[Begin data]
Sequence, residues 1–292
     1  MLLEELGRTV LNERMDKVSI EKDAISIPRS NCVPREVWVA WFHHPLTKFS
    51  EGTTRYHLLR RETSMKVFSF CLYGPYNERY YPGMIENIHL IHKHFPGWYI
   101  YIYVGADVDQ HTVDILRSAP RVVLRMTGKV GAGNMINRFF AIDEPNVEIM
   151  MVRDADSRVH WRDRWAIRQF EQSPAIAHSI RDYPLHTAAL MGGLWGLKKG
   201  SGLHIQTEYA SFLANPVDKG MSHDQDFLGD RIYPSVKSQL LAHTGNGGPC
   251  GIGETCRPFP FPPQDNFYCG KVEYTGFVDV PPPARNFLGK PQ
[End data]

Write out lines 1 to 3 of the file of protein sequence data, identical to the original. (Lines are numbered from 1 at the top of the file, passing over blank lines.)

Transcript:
Sequence, residues 1–292
     1  MLLEELGRTV LNERMDKVSI EKDAISIPRS NCVPREVWVA WFHHPLTKFS
    51  EGTTRYHLLR RETSMKVFSF CLYGPYNERY YPGMIENIHL IHKHFPGWYI